Westerns, by their cinematic nature, have a slow burning agency which hasn’t become derivative to the present day; even though the templates of amorality and emotional recession always concur with explosive duels and mortal dangers on the frontier.

Which is why the sparse Western palette of Kelly Reichardt’s FIRST COW is a welcome change of pace. It is as gentle and refreshingly serene as the languidly flowing brook by the woods or the morning wind. Something hence unusually compassionate gets under our skin, producing a haunting quality to the bond of almost spiritual amity among two men who sell edible cakes for a modest living within the 19th Century ethos of  Oregon territory. This is a location that unfolds as a settlement and source of opportunity for these two quiet men.


As Orion Lee and John Magaro mould them, they become emotionally transparent vessels who imbibe the dangers associated with the titular animal. More than the mortal danger and class heirarchies, their looks convey more than a simple friendship or even a transactional one. It’s a life force that belies definitions or easy labels. Cue the second time that Magaro meets Lee at a bar, note his instant attraction to the man he once rescued from a near death experience in the wilds. He looks at him with admiration now that he’s well dressed, confident and remembers his old friend. It’s a curiously, transparently innocent look that recognises the idea of attraction within the same gender so beautifully without leaning over to anything resembling lust or extraneous agency.

This achievement of an intimacy borne from trust and camaraderie needs to be taken into cinematic account because that’s how often it is in real life. In a world of brutality and debauchery, the leads in FIRST COW give us a retrospective look into how men should be and were, numbered perhaps among the patriarchal system of living. Yet they prevailed.

By being united in their last moments, the two pals further counter the brutality and mortal dangers of a frontier tale with something tangible. Delicate. Real and enduring. A viewer’s characteristic patience will produce that effect.



Ingmar Bergman’s FACE TO FACE was to the manner born for this cinephile and writer. Suffering from troubling thoughts of bodily siege and experiencing two near traumatic encounters of a sexual kind, I was intrinsically drawn to the psychological depth that Liv Ullman brought to her part here. She plays a woman who’s professionally a successful psychiatrist. During the course of a summer where her immediate family members are out of town and she relocates to her grandparents’ apartment where she grew up, she unravels. The unfinished business regarding her childhood traumas involving parents’ untimely death and disciplinarian and emotional abuse by her grandmother finally catch up with her. A near sexual assault by two miscreants at her under construction house further trigger her.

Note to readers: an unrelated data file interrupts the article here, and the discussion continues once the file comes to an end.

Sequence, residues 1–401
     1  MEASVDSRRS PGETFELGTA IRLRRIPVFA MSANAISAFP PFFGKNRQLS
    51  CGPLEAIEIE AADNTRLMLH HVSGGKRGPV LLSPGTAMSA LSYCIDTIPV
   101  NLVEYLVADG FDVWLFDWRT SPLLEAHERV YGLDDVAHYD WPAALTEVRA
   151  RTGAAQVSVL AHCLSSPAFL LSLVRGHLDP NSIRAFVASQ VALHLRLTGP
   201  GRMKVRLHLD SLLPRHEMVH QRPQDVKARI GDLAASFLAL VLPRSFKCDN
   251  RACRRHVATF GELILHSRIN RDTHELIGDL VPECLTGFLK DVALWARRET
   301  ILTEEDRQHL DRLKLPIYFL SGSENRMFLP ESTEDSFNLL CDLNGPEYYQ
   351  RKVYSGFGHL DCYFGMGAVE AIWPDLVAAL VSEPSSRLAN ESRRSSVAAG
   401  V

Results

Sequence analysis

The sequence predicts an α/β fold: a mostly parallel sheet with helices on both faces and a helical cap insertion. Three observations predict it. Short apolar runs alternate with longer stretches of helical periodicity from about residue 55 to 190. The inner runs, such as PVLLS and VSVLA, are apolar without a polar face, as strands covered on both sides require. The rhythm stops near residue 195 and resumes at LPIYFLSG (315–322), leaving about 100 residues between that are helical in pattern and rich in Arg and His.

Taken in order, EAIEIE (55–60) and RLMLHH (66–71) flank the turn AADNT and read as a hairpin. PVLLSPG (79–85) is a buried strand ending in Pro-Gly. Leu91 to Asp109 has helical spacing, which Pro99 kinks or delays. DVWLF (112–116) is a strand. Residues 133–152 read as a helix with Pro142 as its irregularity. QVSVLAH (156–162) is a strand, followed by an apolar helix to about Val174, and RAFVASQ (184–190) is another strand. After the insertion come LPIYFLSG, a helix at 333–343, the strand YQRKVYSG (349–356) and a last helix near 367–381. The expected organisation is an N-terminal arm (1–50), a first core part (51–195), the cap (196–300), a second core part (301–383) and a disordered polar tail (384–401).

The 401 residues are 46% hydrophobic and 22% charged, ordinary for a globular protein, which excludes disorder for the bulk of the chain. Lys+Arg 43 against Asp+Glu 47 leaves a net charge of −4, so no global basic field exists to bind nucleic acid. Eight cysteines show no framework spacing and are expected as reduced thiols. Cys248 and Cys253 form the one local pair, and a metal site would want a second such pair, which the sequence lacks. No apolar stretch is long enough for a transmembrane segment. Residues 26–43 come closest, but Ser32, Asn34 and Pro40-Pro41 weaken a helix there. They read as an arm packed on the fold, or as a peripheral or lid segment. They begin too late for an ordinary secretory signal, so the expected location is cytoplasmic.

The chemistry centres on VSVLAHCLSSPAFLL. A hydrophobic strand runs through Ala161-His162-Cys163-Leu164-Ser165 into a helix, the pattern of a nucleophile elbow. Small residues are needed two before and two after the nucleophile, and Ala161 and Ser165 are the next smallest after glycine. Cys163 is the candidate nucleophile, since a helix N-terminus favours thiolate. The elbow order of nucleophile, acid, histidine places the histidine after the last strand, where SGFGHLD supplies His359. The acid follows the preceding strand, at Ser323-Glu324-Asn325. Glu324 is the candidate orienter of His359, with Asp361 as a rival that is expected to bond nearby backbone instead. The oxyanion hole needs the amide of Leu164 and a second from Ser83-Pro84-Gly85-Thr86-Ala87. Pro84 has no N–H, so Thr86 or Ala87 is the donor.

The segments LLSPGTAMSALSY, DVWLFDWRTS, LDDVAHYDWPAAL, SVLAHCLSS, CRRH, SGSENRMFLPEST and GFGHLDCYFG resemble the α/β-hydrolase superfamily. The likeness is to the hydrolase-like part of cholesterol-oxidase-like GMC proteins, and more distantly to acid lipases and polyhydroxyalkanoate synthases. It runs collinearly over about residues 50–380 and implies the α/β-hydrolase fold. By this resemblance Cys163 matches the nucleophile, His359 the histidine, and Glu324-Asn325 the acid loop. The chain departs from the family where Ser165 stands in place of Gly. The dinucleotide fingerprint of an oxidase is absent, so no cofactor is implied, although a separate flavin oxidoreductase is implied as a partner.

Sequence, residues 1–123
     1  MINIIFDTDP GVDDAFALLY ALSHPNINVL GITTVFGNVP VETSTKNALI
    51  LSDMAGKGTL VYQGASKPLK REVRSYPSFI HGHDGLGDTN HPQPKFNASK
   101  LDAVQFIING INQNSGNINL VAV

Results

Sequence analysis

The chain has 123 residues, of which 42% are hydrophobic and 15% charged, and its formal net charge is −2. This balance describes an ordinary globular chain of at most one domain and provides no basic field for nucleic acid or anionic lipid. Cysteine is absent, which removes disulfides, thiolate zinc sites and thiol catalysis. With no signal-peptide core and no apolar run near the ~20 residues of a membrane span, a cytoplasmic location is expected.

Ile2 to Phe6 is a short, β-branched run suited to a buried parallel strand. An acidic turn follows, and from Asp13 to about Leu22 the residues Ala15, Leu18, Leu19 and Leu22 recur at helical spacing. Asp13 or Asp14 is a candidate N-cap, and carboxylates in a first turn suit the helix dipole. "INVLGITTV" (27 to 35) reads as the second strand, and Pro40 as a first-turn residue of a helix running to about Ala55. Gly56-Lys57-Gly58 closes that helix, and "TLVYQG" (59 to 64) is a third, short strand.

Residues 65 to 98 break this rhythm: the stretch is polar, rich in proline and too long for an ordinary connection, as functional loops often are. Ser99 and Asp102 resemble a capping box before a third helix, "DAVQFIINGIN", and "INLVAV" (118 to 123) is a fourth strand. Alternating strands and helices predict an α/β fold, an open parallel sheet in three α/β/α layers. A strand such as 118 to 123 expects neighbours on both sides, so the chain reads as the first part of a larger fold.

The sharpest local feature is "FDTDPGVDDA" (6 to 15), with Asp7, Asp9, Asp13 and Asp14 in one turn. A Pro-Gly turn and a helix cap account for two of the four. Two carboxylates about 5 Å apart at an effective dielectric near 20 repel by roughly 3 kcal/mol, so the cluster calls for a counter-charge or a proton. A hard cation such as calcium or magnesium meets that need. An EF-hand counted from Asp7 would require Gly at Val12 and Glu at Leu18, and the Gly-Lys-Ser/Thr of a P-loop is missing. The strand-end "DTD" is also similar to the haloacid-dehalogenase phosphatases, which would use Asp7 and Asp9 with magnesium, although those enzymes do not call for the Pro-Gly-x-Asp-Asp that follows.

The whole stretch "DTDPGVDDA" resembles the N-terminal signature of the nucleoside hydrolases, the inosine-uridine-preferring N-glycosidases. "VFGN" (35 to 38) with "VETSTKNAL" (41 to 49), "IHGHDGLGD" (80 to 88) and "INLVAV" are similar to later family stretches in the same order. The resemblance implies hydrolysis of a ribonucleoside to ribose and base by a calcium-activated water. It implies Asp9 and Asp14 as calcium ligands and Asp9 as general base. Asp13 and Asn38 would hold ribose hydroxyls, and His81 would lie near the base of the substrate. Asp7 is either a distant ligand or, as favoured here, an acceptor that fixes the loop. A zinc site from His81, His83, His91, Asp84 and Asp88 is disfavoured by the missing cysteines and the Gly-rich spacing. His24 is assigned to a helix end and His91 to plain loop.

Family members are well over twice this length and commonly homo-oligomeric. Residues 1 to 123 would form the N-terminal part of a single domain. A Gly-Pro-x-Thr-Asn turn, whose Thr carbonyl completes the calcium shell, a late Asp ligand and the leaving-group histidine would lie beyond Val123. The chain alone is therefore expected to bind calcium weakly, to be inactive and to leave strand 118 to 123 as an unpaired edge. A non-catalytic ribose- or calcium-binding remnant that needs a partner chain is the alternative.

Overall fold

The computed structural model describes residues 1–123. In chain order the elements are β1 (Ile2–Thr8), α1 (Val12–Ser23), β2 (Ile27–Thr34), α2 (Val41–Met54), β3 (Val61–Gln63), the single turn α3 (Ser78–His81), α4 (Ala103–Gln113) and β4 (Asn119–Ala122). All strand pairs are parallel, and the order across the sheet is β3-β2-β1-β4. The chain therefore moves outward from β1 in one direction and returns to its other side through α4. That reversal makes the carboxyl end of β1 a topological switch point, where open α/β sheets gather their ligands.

Dream sequences invoke the depths of a lifetime’s burden.  She breaks down mentally, unable to bear that toll. Especially striking is when she imagines being physically mired by her patients, mirroring her anxieties regarding the job, and when she encounters her parents’ ghosts and the darkness of being silenced by her authoritative grandmother. This sequence and her visual of being clad in a crimson dress ala The Handmaid’s Tale was very striking, eerily reminding me of the suffocating nature of our subconscious finding an outlet in dreams.

The way her experience with the two men acutely make her shudder and yet seek an almost counteracting interest in being sexually aroused bring out the manner in which tears and horrid laughter mingle in her unraveling in the presence of another colleague. A tragic experience, when piled on top of an irreconcilable past, can do that, break the symmetry of one’s understanding of evading or wanting the forbidden. I can absolutely identify with that inexplicable feeling. It’s like the body reacts to danger sometimes as an incoming challenge. As if fear as an entity is being traded for a bold moral compass, seeking to identify the depths of one’s threshold for pain, by calling the perpetrators towards its easy target. It has happened to me over the past year especially, consonant with a deluge of daily verbal and sometimes physical abuse, dynamics within the home that I’ve faced as a young man over the longest stretch of time, making me often run towards a point where I want to be defiled in some way. As an asexual person, I have been able to evade absolute danger perhaps owing to that trait of my personality and my innate faith.


The reality then of being naturally aromantic, asexual and being almost at the receiving end of sexual advances and threat to the body from members of my own gender ( and no I’m not calling out any orientation here at all, just individual responses)  hence was the most debilitating blow to me. FACE TO FACE was the first time I felt seen. It felt real to then finally write down aspects about myself that I wouldn’t ever speak openly among mortals. But by being visually stirred by a respectable and dignified, no holds barred take on mental horrors invading one’s adult personality, I could air my thoughts. So I want to accord Ms. Ullman the highest regard because the way she handles the final stretch of her confessions, imploding within and exploding emotionally in her body and spirit, illustrates the most accurate representation of how I feel. Only I haven’t found a personal agent or friend to lend an ear to my ordeal which bears scars of a lifetime, like she does with her patient colleague.

FACE TO FACE is also a realistic portrayal of the way mental health professionals themselves go through dangerous motions. Maybe that’s why they can possess the ability to treat their patients effectively or maybe it’s a reverse form of therapy for their own unfinished pasts and experiences. Bless Mr. Bergman for always probing the human mind with such empathy and tact.